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Decision Assist

Sleep specialist

Introduction

The purpose of this tool is to help you decide whether or not to see a sleep specialist. When making a decision like this, you must balance:

  • The reasons for seeing the specialist
  • Whether there are alternatives that may be more appropriate
  • Cost

This tool is not a substitute for professional medical care and advice. Ask your regular doctor to help you decide whether it is worth seeing a specialist. There is usually no exact “right” or “wrong” answer.

Your physician may make certain recommendations to you. However, the final decision about whether to see a specialist rests with you.

What does the specialist do?

People with sleep problems often see a sleep specialist for testing and treatment.

Sleep disorders involve any problems related to sleeping, including difficulty falling or staying asleep, falling asleep at inappropriate times, excessive total sleep time, or abnormal behaviors associated with sleep.

More than 100 different disorders of sleeping and waking have been identified. They can be grouped in four main categories:

  • Problems with falling and staying asleep
  • Problems with staying awake
  • Problems with adhering to a regular sleep schedule
  • Sleep-disruptive behaviors
Irregular sleep

Sleep disorder testing by a specialist may also be helpful in identifying which category a patient falls under as well as an appropriate treatment program.

Key points

You should probably see a specialist when:

  • Your breathing stops during sleep.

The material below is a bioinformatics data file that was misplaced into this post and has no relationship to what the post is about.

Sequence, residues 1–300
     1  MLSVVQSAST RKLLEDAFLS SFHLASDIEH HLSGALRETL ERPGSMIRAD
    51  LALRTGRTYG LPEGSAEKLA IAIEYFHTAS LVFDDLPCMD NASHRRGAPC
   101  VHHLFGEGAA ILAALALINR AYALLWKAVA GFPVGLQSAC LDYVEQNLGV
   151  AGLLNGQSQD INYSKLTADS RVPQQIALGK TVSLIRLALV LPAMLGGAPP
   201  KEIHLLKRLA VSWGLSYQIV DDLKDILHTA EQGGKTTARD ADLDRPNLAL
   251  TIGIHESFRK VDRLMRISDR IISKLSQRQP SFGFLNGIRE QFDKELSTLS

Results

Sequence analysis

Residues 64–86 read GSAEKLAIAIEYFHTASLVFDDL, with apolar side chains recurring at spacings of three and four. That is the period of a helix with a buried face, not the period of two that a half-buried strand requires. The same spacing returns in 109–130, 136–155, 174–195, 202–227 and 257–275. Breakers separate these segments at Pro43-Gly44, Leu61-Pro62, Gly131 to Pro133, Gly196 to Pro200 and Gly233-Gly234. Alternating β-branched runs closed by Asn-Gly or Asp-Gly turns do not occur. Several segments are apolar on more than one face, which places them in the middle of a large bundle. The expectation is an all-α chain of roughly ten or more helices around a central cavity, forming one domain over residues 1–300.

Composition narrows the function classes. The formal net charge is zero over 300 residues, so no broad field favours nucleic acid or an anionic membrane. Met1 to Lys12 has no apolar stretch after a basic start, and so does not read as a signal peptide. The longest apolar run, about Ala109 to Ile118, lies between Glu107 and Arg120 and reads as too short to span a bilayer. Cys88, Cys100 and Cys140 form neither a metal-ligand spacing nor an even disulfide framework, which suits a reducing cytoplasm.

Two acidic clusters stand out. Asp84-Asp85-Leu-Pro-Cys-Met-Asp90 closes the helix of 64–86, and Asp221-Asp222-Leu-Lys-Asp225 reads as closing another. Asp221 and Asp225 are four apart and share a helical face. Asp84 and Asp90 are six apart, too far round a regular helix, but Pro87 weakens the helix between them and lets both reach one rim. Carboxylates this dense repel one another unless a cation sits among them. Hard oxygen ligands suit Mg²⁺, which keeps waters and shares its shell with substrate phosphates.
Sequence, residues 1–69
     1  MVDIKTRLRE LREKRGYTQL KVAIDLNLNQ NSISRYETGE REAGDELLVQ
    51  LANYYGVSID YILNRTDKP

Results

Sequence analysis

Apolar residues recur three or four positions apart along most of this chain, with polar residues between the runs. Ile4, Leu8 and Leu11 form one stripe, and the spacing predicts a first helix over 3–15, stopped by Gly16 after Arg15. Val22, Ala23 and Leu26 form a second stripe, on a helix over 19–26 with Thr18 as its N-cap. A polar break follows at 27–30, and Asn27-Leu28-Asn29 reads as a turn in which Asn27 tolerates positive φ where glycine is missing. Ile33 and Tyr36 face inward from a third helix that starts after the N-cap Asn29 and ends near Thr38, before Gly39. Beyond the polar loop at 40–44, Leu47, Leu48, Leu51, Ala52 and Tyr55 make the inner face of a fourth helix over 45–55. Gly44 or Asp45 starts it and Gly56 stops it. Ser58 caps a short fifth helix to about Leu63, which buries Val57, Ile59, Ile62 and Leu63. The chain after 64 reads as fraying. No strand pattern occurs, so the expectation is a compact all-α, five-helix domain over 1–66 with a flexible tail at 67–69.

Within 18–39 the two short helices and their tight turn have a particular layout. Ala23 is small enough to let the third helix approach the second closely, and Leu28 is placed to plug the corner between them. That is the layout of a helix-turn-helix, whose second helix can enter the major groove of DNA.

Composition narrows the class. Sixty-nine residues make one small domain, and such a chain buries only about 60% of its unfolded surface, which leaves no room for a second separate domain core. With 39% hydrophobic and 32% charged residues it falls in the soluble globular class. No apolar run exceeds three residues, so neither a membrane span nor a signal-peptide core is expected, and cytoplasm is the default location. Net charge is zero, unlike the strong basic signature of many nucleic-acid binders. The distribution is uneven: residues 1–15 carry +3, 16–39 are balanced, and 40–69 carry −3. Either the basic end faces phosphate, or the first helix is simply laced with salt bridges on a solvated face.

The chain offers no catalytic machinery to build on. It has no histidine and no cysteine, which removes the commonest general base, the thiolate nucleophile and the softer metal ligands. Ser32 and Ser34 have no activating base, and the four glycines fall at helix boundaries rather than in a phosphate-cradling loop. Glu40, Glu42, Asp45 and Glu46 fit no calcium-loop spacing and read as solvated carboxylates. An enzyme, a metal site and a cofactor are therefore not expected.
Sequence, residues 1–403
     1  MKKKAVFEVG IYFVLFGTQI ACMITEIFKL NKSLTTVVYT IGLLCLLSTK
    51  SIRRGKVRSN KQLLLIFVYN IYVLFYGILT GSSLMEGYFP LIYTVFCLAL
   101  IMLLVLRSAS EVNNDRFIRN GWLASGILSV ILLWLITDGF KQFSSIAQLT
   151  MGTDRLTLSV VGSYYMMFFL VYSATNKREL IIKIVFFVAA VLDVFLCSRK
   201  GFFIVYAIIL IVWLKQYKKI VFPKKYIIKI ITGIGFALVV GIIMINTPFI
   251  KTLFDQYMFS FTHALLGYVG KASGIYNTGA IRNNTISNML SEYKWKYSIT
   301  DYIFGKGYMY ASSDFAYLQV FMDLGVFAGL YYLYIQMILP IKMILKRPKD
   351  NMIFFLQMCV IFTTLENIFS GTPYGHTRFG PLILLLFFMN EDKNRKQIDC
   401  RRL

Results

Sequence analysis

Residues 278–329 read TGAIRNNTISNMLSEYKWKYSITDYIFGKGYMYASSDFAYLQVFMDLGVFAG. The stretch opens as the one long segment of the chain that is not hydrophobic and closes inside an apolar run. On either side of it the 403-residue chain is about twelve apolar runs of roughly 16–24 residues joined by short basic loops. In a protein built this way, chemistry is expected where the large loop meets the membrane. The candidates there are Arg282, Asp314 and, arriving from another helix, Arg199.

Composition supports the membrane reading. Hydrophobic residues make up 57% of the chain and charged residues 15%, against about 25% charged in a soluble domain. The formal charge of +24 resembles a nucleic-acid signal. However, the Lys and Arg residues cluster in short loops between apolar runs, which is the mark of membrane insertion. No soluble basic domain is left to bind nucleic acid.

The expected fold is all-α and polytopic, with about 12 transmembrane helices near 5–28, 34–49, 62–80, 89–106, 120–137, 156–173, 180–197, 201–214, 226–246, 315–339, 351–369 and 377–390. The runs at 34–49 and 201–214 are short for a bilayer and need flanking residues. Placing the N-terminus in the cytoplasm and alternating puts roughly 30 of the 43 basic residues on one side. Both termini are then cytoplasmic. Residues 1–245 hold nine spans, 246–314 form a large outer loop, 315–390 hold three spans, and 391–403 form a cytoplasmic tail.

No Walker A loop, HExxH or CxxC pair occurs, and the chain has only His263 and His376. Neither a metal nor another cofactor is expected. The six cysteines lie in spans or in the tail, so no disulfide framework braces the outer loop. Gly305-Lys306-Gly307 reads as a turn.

• You snore loudly.
  • You fall asleep uncontrollably during the day.
  • You have excessive daytime drowsiness.
  • You awaken too early each morning.
  • You wake up several times a night.
  • You have trouble falling asleep.
  • You fall asleep at inappropriate times.

If you are very sleepy, especially if you fall asleep while driving, you need to see a health care provider and arrange testing immediately. You should stop driving until you can get evaluated and treated.

How much time this decision tool will take

  • 5 - 10 minutes

What this tool will provide

  • A personalized list of factors for you to weigh
  • Questions to ask your doctor
  • Alternatives to seeing a specialist
  • Recommended reading

Review Date: 9/12/2010
Reviewed By: Linda J. Vorvick, MD, Medical Director, MEDEX Northwest Division of Physician Assistant Studies, University of Washington, School of Medicine. Also reviewed by David Zieve, MD, MHA, Medical Director, A.D.A.M., Inc.

References:
  • Institute for Clinical Systems Improvement (ICSI). Diagnosis and treatment of obstructive sleep apnea in adults. Bloomington (MN): Institute for Clinical Systems Improvement (ICSI). Mar 2007.
  • Morgenthaler TI, Kapur VK, Brown T, Swick TJ, Alessi C, Aurora RN, et al. Standards of Practice Committee of the American Academy of Sleep Medicine. Practice parameters for the treatment of narcolepsy and other hypersomnias of central origin. Sleep. Dec 1, 2007;30(12):1705-11.
  • Mulgrew AT, Fox N, et al. Diagnosis and initial management of obstructive sleep apnea without polysomnography: a randomized validation study. Ann Intern Med. 2007;146(3):157-66.
  • Wilson JF. In the clinic. Insomnia. Ann Intern Med. 2008;148(1):ITC13-1-ITC13-16.
The information provided herein should not be used during any medical emergency or for the diagnosis or treatment of any medical condition. A licensed medical professional should be consulted for diagnosis and treatment of any and all medical conditions. Links to other sites are provided for information only -- they do not constitute endorsements of those other sites. © 1997- A.D.A.M., Inc. Any duplication or distribution of the information contained herein is strictly prohibited.
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